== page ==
Series: The Vincent Boys #2
Publication Date: Simon Pulse
Publisher: June 1, 2012
Reading Level: New Adult (16+)
Pages: 245 (eBook)
Hot romance is the cure for heartbreak in this sequel to The Vincent Boys.Getting a boy to fall head-over-heels in love with you isn’t easy. Especially when he’s been in love with your cousin for as long as you can remember.
Lana has lived her life in her cousin’s shadow. Ashton always made perfect grades, had tons of friends, and looks model-perfect. And she’s always had Sawyer Vincent—the only boy Lana’s ever wanted—wrapped around her finger. But now things are different. Lana has a chance to make Sawyer see her, and she’s taking it. If only he’d get over Ashton—because Lana is sick of second-best.
Sawyer’s heart is broken. He’s lost his best girl to his best friend. And then Lana comes to town. Ashton’s cousin has always been sweet and soft-spoken, but now she’s drop-dead gorgeous as well. Sawyer doesn’t know if Lana can heal his broken heart, but spending time with her might at least make Ashton jealous.
What starts as a carefree fling becomes a lusty game of seduction. Sawyer and Lana may have different motives, but their scintillating hookups are the same kind of steamy. . . .
I absolutely loved THE VINCENT BOYS, so when I saw that this e-book went on sale a mere two days after I read THE VINCENT BOYS, I knew I had to buy it. I read it immediately because, to put it simply, Abbi Glines is an amazing author who knows how to captivate you starting with the very first word on the very first page all the way to the end. I was really excited to see Sawyer’s story after watching the heartbreak that he had to experience in order for Ashton and Beau to be together.
This book picks up six months later and let me tell you, his heart is still breaking. He hasn’t been able to get over Ashton and it’s driving him mad. But then, the summer before he goes off to college, Ashton’s cousin Lana visits and he realizes that he just may be able to get over the girl who broke his heart in two with her own cousin. However, this is what really bugged me about this book. The very beginning is Lana explaining how she underwent this huge makeover in order to grab Sawyer’s attention because she’s been in love with him ever since she was young despite the fact that he was dating her cousin. She bought new clothes that exposed her legs and her cleavage, she re-dyed her hair to be a sultry redhead instead of her natural red hair, and she went to the mall to learn how to properly do her make-up to cover up the freckles that she hates so much. She changed who she was to attract Sawyer, and it worked. Sawyer never noticed her until all of these physical traits were changed. And this bothers me so much because I felt like Glines was glorifying the fact that you have to change the way you look to make a man notice you. This is the wrong message to send to people. As a new adult book, 16 year olds and even girls younger could be reading this and they should not be sent this message.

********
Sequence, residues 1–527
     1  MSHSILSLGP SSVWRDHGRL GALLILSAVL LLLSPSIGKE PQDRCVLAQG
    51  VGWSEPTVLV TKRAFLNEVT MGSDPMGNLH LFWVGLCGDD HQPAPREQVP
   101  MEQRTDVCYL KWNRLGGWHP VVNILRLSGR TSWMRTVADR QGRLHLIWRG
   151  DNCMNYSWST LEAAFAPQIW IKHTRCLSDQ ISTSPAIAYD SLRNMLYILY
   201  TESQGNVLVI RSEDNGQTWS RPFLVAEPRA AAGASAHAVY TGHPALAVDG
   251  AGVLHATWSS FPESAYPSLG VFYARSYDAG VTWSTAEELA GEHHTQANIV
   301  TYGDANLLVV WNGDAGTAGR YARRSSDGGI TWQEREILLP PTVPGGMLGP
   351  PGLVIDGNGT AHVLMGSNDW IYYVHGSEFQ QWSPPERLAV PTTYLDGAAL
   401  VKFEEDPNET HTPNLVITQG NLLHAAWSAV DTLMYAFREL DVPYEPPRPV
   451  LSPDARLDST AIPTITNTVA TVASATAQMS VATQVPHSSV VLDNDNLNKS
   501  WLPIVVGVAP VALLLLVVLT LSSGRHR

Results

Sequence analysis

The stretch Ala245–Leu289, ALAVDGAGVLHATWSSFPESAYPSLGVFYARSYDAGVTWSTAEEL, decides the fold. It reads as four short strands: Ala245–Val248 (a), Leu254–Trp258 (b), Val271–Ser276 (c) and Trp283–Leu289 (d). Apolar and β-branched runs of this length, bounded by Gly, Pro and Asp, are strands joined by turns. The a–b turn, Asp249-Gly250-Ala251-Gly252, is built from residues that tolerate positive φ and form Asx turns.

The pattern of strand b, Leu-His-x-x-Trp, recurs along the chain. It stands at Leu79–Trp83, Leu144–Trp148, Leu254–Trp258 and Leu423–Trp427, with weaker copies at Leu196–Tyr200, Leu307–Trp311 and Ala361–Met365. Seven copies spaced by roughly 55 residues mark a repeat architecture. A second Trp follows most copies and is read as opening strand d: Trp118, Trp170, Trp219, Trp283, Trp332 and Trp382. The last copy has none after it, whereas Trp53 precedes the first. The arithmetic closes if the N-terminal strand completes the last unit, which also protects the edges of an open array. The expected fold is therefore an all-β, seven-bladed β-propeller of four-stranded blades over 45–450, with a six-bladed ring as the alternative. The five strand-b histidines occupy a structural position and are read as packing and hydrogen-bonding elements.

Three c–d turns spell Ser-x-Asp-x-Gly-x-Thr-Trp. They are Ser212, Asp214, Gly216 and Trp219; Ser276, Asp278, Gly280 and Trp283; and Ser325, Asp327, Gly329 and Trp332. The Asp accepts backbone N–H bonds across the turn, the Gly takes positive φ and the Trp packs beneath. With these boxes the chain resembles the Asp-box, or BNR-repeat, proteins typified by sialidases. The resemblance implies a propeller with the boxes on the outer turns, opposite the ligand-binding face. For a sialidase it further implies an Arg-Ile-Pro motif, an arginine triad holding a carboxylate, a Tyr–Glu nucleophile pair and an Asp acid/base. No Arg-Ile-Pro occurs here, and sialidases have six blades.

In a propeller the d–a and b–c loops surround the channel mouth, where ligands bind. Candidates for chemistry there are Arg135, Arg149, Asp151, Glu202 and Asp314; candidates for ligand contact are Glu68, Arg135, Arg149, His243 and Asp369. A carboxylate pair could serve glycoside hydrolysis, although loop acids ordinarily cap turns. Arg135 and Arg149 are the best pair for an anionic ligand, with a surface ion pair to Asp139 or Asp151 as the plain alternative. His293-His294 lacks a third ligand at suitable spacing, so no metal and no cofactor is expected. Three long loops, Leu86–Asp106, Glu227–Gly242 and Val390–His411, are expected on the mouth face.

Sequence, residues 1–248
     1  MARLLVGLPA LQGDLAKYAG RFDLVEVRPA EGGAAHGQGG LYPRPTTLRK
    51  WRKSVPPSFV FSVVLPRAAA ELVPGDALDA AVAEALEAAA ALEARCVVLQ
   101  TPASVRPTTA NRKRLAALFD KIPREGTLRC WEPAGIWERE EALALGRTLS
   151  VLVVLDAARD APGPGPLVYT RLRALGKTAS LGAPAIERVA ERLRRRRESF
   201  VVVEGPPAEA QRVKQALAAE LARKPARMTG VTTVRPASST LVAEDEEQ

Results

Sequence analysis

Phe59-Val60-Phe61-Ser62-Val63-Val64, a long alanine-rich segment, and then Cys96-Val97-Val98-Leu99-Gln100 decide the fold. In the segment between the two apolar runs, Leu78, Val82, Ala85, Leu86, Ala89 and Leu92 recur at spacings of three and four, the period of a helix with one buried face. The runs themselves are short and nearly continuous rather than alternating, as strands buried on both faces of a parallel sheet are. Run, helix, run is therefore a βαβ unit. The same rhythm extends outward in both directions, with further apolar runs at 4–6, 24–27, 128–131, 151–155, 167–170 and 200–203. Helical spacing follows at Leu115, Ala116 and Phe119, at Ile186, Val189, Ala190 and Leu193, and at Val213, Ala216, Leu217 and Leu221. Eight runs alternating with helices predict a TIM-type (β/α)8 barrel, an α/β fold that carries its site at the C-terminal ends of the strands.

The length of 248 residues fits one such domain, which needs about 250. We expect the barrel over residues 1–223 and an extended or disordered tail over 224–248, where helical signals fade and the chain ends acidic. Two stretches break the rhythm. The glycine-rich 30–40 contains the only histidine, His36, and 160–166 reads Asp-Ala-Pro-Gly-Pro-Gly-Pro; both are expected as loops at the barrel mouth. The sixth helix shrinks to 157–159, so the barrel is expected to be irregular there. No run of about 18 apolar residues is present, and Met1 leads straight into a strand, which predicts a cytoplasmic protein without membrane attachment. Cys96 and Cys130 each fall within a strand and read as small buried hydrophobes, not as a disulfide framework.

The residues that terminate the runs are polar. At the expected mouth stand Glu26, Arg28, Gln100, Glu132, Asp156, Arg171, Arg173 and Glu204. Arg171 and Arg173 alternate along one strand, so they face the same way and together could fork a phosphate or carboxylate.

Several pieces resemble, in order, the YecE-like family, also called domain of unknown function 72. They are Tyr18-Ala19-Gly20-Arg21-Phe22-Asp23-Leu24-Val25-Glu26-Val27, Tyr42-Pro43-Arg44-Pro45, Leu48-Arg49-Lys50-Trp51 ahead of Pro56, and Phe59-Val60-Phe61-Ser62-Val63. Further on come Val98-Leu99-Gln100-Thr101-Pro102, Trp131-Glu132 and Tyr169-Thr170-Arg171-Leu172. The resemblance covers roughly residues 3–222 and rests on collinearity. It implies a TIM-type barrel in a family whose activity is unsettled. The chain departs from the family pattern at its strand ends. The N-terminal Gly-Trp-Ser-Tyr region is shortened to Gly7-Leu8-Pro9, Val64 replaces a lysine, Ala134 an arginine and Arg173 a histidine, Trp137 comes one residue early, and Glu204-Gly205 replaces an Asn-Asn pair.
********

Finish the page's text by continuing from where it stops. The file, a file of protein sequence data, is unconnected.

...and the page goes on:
However, with that aside, I also really enjoyed this book simply because it was real. A huge problem I have with young adult books these days is insta-love--the concept that two characters can be in love immediately upon seeing each other for the first time. It bothers me because it’s so unrealistic. Face it, you first notice someone’s body and then you get to know them. It’s how teenagers operate these days. And Sawyer and Lana’s relationship started with him being in lust with her and it slowly developed into him being in love with her. It was annoyingly realistic and I applaud Glines for doing this. Some people may not like the crude references in regards to his lust for her, but it’s how teenagers operate these days.
Sawyer changed a lot in this one, too. So much so that a lot of the characters commented on it. Gone was the good little Southern boy that we loved in the previous book to be replaced by someone almost similar to Beau. While he did not have the past that Beau had, Sawyer began getting drunk, speaking about sexual innuendos, and openly hitting on the girl he was interested in as well as participating in public displays of affection. His southern charm was still underlying the new man that he became because of the tension in his romantic life, but Sawyer’s evolved. He lost his first girl because he wasn’t willing to let her lose her virginity in the back of a pick-up truck, but he got his new girl because he realized that a girl just needs to be showed that she’s loved. A relationship can’t progress unless you act on attraction or the girl will feel as if you don’t want her because you’re not attracted to her.
Well put it this way, the separate personalities of Beau and Sawyer combined to create two boys who both have a bad side, but are the type of boys to propose to their high school sweethearts and spend their lives with such women.
I recommend this book to anyone who loved the previous novel in this series. It’s necessary to read book one before book two and watching Sawyer’s evolution between the two books will make it all the more interesting. This series, hands down, exemplifies how Glines is a forced to be reckoned with in the new adult literary scene.
As a warning, this book contains sexual situations though there is no outright sex, underage drinking, and cussing. This is not meant for younger kids. As a new adult novel, I’d say that this book is best for those that are sixteen years or older.